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No LawIntellectual Property in the Image of an Absolute First Amendment$
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David L. Lange and H. Jefferson Powell

Print publication date: 2008

Print ISBN-13: 9780804745789

Published to Stanford Scholarship Online: June 2013

DOI: 10.11126/stanford/9780804745789.001.0001

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The Sedition Act of 1798 and the First First Amendment Crisis

The Sedition Act of 1798 and the First First Amendment Crisis

(p.212) Chapter 8 The Sedition Act of 1798 and the First First Amendment Crisis
No Law
Stanford University Press

In the summer of 1798 Congress passed and President Adams signed into law a battery of four statutes intended to safeguard domestic security. Three of the statutes dealt with the threats perceived to exist from the immigrant population. This chapter is concerned with the fourth, the Sedition Act passed on 4 July 1798. Section 2 of the Sedition Act made it a crime for any person to “write, print, utter or publish, or … cause or procure to be written, printed, uttered or published, or … knowingly and willingly assist or aid in writing, printing, uttering or publishing any false, scandalous and malicious writing or writings against the government of the United States, or either house of the Congress of the United States, or the President of the United States….” Unlike other parts of the Act, this provision sparked the first great debate in American history over the meaning of the First Amendment. The chapter examines the debates over what the Sedition Act says about the First Amendment and its interpretation.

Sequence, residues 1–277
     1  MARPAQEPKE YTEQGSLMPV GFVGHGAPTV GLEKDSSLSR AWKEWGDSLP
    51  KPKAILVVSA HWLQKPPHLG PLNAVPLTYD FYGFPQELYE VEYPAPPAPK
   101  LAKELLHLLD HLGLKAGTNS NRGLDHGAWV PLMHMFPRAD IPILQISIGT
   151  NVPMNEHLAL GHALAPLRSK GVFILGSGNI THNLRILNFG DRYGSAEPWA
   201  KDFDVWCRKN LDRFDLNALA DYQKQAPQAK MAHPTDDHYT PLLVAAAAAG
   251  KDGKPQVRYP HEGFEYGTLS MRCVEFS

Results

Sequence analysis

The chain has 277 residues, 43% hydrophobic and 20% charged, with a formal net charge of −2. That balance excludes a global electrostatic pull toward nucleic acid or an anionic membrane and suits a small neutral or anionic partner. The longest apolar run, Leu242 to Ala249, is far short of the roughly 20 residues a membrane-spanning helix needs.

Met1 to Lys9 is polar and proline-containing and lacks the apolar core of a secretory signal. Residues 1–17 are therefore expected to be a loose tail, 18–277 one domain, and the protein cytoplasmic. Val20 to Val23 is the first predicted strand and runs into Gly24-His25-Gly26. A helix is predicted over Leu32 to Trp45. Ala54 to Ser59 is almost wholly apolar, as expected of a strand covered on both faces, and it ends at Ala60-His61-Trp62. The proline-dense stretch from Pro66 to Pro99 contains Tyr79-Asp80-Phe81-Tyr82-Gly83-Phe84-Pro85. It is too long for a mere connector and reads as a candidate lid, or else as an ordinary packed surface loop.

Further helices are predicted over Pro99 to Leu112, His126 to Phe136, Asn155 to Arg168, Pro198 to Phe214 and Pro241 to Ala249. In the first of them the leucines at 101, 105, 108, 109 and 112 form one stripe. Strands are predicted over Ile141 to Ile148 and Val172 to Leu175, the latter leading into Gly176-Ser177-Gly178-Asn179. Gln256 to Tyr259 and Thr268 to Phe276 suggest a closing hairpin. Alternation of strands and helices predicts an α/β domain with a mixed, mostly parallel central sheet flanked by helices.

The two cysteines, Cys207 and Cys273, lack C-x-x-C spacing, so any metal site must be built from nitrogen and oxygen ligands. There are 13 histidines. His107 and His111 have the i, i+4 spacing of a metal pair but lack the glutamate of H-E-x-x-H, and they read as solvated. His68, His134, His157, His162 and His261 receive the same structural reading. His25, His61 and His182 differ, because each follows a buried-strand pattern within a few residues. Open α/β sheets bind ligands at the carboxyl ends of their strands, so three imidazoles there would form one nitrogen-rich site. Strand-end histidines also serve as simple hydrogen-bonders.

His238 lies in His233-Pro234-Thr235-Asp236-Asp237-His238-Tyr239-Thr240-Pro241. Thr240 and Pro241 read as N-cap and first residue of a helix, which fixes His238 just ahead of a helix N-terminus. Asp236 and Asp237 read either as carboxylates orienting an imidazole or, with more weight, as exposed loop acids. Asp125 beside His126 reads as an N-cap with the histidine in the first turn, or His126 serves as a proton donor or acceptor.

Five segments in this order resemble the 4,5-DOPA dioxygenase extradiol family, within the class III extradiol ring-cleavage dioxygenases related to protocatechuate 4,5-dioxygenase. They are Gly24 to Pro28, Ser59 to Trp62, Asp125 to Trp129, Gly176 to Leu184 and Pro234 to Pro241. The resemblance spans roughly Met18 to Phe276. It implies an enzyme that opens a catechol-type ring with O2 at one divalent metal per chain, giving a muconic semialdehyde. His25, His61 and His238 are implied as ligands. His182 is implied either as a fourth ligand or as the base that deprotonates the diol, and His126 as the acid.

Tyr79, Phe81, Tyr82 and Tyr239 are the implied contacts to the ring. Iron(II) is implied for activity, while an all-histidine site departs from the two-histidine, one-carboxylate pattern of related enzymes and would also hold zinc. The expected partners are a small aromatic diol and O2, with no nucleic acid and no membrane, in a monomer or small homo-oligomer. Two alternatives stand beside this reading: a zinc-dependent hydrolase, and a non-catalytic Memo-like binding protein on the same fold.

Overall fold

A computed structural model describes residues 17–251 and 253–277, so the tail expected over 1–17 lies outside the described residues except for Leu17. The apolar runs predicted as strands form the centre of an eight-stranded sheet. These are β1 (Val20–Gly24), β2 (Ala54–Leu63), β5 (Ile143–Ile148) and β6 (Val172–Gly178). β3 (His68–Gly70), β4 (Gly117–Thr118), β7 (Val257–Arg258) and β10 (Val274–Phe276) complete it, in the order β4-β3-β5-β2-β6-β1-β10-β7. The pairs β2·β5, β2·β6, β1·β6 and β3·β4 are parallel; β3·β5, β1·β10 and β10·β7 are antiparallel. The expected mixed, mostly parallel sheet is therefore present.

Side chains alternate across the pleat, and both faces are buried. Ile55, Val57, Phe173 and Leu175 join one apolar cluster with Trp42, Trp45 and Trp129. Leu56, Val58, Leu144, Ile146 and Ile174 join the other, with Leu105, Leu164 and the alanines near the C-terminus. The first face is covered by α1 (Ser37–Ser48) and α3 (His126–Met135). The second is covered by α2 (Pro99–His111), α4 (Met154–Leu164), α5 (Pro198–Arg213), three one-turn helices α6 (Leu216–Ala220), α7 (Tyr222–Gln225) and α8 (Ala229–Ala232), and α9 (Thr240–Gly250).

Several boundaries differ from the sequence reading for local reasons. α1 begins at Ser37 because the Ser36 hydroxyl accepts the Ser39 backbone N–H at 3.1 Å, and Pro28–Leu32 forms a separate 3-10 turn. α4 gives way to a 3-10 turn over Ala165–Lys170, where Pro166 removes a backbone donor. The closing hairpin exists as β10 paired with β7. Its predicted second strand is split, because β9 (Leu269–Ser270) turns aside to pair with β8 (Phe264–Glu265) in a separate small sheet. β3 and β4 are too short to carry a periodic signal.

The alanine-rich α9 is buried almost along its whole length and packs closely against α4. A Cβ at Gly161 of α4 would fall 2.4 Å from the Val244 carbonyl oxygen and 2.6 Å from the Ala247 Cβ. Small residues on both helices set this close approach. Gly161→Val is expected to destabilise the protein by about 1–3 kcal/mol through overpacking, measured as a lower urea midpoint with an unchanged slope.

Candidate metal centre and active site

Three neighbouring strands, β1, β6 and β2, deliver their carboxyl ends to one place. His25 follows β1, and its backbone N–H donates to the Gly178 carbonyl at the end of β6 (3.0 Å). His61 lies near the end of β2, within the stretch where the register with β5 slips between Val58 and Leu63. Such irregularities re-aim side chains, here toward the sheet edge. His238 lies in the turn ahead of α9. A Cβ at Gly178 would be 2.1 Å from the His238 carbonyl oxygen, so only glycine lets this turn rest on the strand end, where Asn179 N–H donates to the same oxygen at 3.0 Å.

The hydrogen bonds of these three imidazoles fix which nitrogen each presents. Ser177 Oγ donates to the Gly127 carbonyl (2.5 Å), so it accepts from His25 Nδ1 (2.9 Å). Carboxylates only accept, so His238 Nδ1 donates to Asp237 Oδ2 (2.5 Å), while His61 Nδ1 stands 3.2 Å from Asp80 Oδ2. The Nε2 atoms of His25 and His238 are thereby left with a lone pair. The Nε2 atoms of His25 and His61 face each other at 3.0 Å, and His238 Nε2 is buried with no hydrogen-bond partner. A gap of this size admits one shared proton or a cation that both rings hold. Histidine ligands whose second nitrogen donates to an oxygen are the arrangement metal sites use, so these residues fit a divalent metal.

Keywords:   Sedition Act, First Amendment, Congress, President Adams, United States

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